Nimda variant makes headway, author sends message

The variant of the Nimda worm discovered Tuesday had spread across much of the globe by midday Eastern time Wednesday and the worm's author is also spreading a message of his or her own in this new version, according to antivirus firm F-Secure Corp.

Nimda.e, the new variant, is a recompiled version of the original worm that functions in the same way as the original, but has some of its files renamed. What's entirely new to this version, however, is that the author of the worm has included a message to the world, according to Fred Fondreist, director of business development at antivirus firm F-Secure Corp.

Nimda's author has included something that reads very much like a copyright notice in the worm's code, as well as a note expressing his frustration that the worm is being called Nimda, rather than "CV" or "concept virus," the names he had intended, Fondreist said. There is an older, separate virus with the name "concept."

The new worm is spreading quickly and users are urged to patch their systems and update their antivirus programs, Fondreist said. F-Secure Wednesday raised the threat level of the variant to the highest level because of how far the worm has spread, he said. Other antivirus firms have yet to raise the new Nimda above a medium-level threat, though some have it ranked even lower.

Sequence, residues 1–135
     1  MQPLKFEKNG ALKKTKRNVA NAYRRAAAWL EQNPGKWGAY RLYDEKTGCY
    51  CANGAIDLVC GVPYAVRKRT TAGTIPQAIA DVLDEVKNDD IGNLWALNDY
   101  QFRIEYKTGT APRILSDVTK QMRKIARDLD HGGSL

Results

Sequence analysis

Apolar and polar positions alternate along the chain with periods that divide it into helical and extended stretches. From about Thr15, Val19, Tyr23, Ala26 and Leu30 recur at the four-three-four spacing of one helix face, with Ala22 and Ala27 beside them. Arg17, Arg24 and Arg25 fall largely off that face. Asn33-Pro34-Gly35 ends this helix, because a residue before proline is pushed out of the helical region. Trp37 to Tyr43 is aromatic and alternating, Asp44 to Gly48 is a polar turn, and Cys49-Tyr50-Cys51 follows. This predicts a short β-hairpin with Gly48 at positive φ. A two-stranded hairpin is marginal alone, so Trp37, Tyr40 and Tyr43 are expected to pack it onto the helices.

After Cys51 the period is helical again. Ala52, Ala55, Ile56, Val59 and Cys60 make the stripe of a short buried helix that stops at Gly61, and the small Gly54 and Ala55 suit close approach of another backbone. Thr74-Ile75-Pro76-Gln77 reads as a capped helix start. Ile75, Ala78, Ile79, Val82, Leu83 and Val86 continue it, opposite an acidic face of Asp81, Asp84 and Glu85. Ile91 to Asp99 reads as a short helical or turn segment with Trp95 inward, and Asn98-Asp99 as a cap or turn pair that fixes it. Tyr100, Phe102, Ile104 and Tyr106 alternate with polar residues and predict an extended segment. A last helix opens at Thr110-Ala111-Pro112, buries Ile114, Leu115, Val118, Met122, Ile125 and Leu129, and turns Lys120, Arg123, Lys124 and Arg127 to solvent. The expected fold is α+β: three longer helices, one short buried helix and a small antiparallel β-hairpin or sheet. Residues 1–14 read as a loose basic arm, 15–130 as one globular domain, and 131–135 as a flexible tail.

Antivirus company Trend Micro Inc. has yet to see a significant spread out the worm outside of Asia, according to spokesman David Perry.

"If it makes it into general circulation in the U.S., it will not have the same punch as Nimda.a (the original worm)," thanks to the high number of users who have applied patches, he said. He expects that users in Asia will apply the proper patches after this outbreak.

The Nimda worm first caused problems for Internet users in mid-September. Nimda spreads itself as an e-mail attachment, via server-to-server Web traffic, through shared hard disks on networks and by automatically downloading infected files to users who browse Web pages hosted on infected servers. The worm exploits flaws in Microsoft Corp.'s Internet Explorer Web browser and in the company's IIS (Internet Information Server) Web server platform. Patches for both applications are available.

All the appropriate patches and upgrades offered by Microsoft can be found at

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